Urban, Mobile and Global

The Australian National University Press
Publication Type:
China Story Yearbook 2014: Shared Destiny, 2015, pp. 204 - 224
Issue Date:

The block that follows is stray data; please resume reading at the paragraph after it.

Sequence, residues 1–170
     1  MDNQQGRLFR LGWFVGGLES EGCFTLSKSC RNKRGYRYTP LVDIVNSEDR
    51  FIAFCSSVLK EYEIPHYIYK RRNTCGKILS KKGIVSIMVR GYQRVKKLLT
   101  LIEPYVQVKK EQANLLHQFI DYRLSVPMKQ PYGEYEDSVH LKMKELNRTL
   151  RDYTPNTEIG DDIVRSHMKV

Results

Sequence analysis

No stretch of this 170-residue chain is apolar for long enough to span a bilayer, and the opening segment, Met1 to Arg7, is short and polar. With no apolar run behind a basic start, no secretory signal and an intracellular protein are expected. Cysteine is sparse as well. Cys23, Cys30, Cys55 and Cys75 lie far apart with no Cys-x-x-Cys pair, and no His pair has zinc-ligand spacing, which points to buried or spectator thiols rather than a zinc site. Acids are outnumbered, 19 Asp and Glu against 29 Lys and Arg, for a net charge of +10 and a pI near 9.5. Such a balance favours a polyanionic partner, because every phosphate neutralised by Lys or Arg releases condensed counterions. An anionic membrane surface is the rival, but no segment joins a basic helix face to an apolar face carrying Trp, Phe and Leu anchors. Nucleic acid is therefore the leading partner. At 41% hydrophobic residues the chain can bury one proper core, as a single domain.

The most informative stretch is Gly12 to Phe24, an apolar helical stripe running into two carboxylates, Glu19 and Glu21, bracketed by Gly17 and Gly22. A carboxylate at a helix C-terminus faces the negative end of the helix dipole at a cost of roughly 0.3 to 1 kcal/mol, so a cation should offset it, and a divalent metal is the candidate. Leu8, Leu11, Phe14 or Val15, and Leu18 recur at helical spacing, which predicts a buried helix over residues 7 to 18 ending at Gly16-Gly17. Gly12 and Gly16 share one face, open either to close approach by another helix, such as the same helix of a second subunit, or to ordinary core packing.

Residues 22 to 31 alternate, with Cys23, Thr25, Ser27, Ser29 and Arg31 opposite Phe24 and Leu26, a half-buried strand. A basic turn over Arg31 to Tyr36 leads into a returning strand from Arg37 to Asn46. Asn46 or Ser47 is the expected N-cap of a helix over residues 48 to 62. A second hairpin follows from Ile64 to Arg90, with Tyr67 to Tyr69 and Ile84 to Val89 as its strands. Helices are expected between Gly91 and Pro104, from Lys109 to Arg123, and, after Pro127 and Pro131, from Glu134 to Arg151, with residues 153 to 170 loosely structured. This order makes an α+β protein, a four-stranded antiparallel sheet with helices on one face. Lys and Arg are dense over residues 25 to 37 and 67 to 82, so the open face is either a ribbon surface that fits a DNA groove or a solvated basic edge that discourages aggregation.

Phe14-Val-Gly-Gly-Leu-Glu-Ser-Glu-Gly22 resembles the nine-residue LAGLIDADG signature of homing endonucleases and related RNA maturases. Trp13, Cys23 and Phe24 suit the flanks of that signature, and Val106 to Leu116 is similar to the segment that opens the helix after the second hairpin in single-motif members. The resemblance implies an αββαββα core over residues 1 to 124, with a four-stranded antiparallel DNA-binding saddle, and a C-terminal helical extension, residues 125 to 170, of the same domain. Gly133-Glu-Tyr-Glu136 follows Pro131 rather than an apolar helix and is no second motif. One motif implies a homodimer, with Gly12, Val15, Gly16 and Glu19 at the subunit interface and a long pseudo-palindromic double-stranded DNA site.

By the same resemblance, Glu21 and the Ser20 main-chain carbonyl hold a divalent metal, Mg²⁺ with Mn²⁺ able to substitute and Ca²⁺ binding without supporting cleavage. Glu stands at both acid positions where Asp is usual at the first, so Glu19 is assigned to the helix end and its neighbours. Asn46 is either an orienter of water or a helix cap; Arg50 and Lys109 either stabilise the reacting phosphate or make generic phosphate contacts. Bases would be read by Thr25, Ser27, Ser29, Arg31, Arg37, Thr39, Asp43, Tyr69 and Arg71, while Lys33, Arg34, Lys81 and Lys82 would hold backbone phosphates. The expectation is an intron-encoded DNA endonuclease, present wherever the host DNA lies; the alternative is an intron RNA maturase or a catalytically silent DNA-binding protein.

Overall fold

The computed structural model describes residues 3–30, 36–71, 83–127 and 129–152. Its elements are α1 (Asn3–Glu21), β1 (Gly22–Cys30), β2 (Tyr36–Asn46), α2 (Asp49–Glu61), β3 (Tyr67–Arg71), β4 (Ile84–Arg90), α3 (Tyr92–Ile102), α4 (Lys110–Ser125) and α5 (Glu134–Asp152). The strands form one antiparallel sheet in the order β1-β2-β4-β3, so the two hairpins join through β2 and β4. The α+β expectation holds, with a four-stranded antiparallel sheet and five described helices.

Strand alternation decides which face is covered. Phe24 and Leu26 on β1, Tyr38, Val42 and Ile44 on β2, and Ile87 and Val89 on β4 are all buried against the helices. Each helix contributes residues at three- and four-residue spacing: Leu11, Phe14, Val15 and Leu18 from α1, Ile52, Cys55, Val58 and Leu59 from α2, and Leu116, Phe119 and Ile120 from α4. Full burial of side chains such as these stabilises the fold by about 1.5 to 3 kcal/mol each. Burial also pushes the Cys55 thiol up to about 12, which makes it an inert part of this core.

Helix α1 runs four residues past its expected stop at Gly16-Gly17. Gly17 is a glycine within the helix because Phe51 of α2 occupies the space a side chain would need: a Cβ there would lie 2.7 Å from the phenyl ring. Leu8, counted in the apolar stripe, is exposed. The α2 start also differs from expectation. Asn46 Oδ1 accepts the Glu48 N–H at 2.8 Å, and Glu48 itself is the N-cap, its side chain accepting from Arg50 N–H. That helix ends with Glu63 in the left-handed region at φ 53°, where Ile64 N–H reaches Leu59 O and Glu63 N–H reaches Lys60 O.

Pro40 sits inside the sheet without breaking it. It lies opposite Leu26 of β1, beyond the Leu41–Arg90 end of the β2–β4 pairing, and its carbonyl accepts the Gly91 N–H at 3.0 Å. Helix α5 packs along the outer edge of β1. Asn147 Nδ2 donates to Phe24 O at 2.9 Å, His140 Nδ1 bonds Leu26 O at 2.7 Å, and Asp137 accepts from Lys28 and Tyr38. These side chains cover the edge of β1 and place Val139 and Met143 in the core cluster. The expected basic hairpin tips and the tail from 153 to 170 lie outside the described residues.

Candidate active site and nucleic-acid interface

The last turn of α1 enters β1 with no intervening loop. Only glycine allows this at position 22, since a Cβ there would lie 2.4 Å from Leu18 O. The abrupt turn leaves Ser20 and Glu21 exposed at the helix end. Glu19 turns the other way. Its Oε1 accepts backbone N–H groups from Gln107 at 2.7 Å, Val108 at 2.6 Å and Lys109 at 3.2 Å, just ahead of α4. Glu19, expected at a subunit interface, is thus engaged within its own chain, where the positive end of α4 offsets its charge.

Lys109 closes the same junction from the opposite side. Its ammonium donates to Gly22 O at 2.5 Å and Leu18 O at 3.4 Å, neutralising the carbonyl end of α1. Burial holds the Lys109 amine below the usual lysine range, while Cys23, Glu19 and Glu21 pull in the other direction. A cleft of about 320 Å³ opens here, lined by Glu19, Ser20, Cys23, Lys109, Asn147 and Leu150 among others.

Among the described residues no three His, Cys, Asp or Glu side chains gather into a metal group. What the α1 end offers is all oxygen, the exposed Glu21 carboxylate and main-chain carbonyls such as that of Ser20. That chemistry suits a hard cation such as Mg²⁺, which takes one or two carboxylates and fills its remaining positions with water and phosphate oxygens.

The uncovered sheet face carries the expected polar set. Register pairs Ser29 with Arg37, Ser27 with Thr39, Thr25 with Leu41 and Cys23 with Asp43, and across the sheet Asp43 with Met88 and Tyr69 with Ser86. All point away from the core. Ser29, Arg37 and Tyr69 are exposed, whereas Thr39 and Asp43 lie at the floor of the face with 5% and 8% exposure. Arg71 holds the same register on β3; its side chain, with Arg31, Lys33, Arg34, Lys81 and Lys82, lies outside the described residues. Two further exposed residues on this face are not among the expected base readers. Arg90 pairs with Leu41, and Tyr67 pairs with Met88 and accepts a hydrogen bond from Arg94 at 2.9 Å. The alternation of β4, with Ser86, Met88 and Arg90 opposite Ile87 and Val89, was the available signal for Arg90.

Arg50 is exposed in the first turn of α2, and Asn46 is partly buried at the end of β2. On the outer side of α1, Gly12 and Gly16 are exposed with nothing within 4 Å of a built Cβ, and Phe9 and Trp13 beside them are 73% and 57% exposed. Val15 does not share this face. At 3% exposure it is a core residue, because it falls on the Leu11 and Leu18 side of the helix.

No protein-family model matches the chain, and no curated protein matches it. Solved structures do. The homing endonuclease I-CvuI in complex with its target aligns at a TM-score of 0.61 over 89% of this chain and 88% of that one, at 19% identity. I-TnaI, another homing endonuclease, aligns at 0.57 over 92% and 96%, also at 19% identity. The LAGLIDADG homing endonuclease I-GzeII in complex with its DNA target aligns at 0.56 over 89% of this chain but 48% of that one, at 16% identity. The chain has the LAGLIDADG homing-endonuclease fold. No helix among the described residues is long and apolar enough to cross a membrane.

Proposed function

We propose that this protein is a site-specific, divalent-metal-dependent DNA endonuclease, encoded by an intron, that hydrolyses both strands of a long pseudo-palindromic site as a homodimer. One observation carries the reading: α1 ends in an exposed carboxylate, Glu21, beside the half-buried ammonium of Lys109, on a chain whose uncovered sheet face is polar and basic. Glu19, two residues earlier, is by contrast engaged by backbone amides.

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PEOPLE IN URBAN China travel, move house and commute longer distances than ever before. They also enjoy greater opportunities to change their lifestyles or move up the social ladder. The gradual removal of historical bans imposed by the Communist Party on unauthorised movement between cities (or from the countryside to the city) as well as owning property and travelling abroad make the ease of movement — mobility — novel and exciting. Over the past year and a half, the anticorruption campaign has identified ‘excessive mobility’, as defined by all forms of ‘extravagance’ 铺张 or 奢靡 on the part of party and government officials, as being a danger to the wellbeing of the party-state. New prohibitions and regulations have put pressure on party and government officials to change their habits, alter their lifestyles and abandon any plans to establish a residential base overseas — in effect, to retreat from the Zeitgeist of mobility. This chapter considers the implications for the Shared Destiny of the Chinese in the context of movement between China and the world, particularly in relation to the Party’s seemingly stringent anti-waste regulations.
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